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Voorhees, USC partner to address teacher shortage in rural areas
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Voorhees, USC partner to address teacher shortage in rural areas

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DENMARK -- Voorhees College recently signed a Memorandum of Agreement with the University of South Carolina to offer educators in rural South Carolina new pathways to the classroom and provide enhanced opportunities for recruitment, retention and teacher preparation in some of the state’s most underserved districts.

The University of South Carolina College of Education, the Voorhees College Center of Excellence for Educator Preparation and Innovation, and the Center for Teaching Quality have partnered to address a teacher shortage in rural regions of South Carolina through the Carolina Collaborative for Alternative Preparation (CAP).

CarolinaCAP paves the way for bachelor’s degree-holding teacher candidates to immediately begin a career as a classroom teacher while participating in the necessary training to become certified.

Dr. Damara Hightower-Mitchell, Voorhees interim provost and vice president for academic affairs and executive director of the Center of Excellence for Educator Preparation and Innovation, said the partnership with CarolinaCAP is a natural fit for the mission of Voorhees’ Center of Excellence.

“We believe meaningfully impacting K-12 education cannot be done in isolation. Through federal funding for teacher effectiveness secured by the interim president Dr. Ronnie Hopkins, Voorhees College is committed to supporting K-12 education through innovative professional learning opportunities, supplemental services and resources for prospective educators.”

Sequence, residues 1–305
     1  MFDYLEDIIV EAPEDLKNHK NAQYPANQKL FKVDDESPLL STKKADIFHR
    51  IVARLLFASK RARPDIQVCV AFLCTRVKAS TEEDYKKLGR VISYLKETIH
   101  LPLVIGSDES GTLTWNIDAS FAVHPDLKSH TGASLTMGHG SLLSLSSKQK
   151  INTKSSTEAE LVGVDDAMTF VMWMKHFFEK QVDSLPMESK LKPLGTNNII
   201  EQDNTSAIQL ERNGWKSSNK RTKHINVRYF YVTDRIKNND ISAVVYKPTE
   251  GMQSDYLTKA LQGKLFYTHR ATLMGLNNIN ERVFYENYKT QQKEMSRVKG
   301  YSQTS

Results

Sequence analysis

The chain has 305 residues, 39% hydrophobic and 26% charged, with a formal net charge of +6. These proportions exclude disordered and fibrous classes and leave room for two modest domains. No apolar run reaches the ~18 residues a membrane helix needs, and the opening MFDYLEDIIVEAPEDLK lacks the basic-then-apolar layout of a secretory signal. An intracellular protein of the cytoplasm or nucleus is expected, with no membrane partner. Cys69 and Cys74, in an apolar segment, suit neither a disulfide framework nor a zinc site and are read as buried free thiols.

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Tommy Hodges, executive associate dean for faculty and academic affairs, said the College of Education prides itself on its array of partnerships throughout the state.

“A significant goal for the college is to support the diversification of the teacher workforce, with a keen awareness of the challenges rural communities face in recruiting education professionals.”

He added, “This partnership with Voorhees further solidifies our college’s commitment to these issues and leverages the expertise of both institutions in the recruitment and preparation of a more diverse workforce that benefits all of South Carolina’s children.”

The partnership is one of many efforts between South Carolina’s institutions of higher learning to address the increasing teacher shortage in South Carolina. The partnership also targets underrepresentation among minority groups in classroom leadership by connecting Voorhees College, a historically Black college and university, with the statewide network of UofSC educational partnerships.

Ann Byrd, president and partner of the national nonprofit, said as CarolinaCAP moves into year two, this is an opportune time for Voorhees College to partner with us to expand the reach and impact of the program.

“The Center for Teaching Quality looks forward to the new learning that will benefit us all in this unique partnership.”

In addition to developing and refining recruitment strategies for CarolinaCAP districts, the partnership will focus on identifying candidates in hard-to-staff geographic regions of the state and understaffed content areas such as Science, Technology, Engineering, and Mathematics; developing strategies to boost representation for people of color in the classroom; addressing barriers to the teaching profession through innovative career pathways; and integrating diversity, equity and inclusion practices into the CarolinaCAP experience.

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Additional goals include exploring how micro-credentials increase professional knowledge by enhancing competency in specific skills and directing attention to South Carolina Opportunity Zones, a federal community development program to encourage economic development and job creation in low-income communities. Research and data sharing will guide implementation and future direction for the partnership’s work.

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